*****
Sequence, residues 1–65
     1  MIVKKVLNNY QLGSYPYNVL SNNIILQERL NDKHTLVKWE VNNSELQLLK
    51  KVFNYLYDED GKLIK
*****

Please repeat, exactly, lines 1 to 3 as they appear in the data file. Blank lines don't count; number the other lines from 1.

Sequence, residues 1–65
     1  MIVKKVLNNY QLGSYPYNVL SNNIILQERL NDKHTLVKWE VNNSELQLLK
    51  KVFNYLYDED GKLIK